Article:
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Marburg multiple sclerosis

Marburg multiple sclerosis, also known as malignant, acute or fulminant multiple sclerosis, is considered one of the multiple sclerosis borderline diseases, which is a collection of diseases classified by some as MS variants and by others as different diseases. Other diseases in this group are Neuromyelitis optica (NMO), Balo concentric sclerosis and Schilder's disease.[1]

It took its name from Otto Marburg. It can be diagnosed in vivo with an MRI.[2]

It is usually lethal, but recently it has been found to be responsive to Mitoxantrone[3] and Alemtuzumab,[4] and it has also been responsive to autologous stem cells transplantation.[5]

See also


  1. ^ Fontaine B (2001). "Borderline forms of multiple sclerosis" (in French). Rev. Neurol. (Paris) 157 (8-9 Pt 2): 929-34. PMID 11787357.
  2. ^ In vivo MRI diagnosis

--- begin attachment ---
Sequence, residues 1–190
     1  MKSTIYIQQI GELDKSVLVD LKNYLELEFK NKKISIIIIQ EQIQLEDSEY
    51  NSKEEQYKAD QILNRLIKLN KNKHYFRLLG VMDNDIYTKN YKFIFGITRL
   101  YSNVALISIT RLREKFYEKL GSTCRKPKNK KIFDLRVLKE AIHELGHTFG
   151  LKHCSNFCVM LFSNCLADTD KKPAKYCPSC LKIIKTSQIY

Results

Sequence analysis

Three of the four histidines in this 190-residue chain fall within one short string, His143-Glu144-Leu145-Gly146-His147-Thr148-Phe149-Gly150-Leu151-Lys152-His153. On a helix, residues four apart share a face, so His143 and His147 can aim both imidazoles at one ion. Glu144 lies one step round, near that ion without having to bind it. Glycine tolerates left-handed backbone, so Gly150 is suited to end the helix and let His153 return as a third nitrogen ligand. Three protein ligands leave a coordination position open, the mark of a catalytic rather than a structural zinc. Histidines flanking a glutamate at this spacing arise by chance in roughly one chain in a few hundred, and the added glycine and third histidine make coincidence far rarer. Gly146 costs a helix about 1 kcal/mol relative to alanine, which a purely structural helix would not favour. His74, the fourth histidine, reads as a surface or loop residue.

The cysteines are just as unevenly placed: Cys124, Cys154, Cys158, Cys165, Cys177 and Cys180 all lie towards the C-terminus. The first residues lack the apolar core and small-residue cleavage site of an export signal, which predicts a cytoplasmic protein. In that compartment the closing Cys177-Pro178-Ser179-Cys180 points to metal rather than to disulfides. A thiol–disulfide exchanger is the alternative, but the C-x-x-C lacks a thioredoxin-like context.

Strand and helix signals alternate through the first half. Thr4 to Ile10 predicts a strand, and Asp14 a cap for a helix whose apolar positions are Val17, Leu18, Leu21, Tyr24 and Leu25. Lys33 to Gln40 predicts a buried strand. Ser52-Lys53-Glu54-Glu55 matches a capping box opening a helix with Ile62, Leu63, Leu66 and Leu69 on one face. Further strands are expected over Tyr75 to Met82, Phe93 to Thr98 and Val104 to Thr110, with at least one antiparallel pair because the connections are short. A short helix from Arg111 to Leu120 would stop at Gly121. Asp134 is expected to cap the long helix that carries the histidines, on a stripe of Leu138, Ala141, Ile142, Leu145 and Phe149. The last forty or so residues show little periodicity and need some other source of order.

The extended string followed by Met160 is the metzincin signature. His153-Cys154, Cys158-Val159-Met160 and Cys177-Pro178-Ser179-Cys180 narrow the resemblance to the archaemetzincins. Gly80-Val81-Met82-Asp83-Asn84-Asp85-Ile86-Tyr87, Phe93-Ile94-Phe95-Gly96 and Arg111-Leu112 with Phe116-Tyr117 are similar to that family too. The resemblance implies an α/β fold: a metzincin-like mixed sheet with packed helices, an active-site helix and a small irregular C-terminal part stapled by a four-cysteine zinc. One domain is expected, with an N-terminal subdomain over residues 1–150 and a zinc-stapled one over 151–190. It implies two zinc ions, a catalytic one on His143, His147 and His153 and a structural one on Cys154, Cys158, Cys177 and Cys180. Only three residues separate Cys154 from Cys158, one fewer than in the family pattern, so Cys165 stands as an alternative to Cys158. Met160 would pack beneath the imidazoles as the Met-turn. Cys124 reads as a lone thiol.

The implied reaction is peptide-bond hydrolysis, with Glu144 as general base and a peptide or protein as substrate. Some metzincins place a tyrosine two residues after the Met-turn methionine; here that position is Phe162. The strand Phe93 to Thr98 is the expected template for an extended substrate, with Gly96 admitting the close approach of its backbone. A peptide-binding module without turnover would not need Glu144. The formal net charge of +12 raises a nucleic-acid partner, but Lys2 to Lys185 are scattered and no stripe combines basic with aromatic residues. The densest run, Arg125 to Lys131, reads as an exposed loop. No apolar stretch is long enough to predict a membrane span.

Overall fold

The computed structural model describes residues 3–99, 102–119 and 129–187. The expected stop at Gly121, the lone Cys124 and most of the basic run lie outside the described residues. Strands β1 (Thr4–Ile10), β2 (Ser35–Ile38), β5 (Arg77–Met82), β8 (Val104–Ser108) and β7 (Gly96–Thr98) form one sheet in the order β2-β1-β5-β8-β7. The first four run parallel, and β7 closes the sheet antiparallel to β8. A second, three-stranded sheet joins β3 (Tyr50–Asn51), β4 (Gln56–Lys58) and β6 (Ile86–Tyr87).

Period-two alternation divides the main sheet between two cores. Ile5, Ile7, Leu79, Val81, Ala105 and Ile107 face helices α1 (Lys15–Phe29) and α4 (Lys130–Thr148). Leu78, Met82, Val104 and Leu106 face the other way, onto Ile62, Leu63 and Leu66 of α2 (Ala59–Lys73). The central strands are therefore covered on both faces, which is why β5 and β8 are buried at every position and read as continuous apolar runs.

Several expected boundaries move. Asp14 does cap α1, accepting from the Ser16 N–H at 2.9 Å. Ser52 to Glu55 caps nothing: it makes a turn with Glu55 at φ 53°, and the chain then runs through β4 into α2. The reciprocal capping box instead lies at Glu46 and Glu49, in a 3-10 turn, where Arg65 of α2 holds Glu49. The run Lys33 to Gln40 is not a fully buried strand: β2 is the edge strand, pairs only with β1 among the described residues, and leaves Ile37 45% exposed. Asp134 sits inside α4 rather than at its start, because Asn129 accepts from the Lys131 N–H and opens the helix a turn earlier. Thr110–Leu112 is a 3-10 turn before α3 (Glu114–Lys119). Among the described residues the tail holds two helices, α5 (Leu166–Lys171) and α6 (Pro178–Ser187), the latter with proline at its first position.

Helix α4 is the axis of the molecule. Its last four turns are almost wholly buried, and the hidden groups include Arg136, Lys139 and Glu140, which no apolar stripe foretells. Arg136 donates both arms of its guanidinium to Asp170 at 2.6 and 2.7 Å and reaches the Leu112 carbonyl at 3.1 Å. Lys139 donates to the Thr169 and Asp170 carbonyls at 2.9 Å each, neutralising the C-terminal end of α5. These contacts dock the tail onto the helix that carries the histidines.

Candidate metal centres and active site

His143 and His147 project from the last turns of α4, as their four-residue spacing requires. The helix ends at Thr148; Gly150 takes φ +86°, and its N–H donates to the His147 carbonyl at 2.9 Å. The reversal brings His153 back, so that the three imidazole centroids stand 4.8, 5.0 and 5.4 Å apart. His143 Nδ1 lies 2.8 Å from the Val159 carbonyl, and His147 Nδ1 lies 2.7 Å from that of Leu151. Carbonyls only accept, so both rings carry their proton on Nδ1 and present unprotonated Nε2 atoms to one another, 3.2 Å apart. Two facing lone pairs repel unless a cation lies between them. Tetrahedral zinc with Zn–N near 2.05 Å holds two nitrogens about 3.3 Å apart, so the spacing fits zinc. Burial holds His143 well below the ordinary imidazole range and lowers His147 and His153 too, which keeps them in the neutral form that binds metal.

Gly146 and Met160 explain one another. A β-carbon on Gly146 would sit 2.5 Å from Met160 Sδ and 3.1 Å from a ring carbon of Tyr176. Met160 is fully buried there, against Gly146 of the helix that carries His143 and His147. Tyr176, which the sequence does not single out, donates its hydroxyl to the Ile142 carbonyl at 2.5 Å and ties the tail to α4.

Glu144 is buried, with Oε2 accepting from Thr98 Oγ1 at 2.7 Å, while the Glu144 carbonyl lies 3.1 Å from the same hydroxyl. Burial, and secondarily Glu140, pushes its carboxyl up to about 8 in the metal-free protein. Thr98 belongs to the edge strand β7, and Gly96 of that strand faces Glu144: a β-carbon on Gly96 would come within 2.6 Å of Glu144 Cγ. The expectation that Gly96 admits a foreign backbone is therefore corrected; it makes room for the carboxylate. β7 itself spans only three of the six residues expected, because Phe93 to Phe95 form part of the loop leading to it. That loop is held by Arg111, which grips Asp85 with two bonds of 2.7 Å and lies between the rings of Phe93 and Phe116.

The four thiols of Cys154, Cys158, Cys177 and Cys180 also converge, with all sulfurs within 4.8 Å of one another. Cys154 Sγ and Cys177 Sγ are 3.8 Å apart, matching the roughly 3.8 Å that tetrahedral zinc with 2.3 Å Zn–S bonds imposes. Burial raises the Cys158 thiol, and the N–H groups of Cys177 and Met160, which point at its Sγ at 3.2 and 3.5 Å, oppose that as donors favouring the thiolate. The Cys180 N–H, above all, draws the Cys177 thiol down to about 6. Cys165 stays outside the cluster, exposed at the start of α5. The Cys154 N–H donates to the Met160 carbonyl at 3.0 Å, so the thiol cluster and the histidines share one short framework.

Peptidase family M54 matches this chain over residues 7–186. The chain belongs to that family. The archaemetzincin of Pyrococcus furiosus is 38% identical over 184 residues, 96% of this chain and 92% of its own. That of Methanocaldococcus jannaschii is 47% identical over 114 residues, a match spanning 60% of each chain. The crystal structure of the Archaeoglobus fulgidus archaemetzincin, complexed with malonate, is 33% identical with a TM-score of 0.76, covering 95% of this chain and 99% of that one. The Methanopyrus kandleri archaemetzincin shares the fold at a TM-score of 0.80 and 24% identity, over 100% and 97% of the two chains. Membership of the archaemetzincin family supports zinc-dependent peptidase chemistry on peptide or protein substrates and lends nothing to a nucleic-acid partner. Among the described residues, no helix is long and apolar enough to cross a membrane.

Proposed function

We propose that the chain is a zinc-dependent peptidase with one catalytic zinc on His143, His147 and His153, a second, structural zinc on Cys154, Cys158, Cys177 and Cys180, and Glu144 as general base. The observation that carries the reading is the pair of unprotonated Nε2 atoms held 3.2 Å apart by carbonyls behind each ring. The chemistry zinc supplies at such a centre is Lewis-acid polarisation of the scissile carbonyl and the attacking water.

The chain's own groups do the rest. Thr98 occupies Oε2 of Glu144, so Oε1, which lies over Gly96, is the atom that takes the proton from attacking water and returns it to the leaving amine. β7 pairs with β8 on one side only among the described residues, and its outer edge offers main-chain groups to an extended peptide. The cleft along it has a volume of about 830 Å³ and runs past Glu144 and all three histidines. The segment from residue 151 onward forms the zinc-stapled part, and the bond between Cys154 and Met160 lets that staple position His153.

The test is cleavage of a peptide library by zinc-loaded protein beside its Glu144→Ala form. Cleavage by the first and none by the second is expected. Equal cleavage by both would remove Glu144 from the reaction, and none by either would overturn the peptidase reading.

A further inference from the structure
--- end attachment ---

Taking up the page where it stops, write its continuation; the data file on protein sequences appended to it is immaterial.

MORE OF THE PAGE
3. ^ Responsiveness to Mitoxantrone
  4. ^ Alemtuzumab and craniotomy for severe acute demyelinating illness [1]
  5. ^ Kimiskidis VK, Sakellari I, Tsimourtou V, et al (2007). "Autologous stem-cell transplantation in malignant multiple sclerosis: a case with a favorable long-term outcome". doi:10.1177/1352458507082604. PMID 17942513.

This article is licensed under the GNU Free Documentation License. It uses material from the Wikipedia article "Marburg_multiple_sclerosis". A list of authors is available in Wikipedia.
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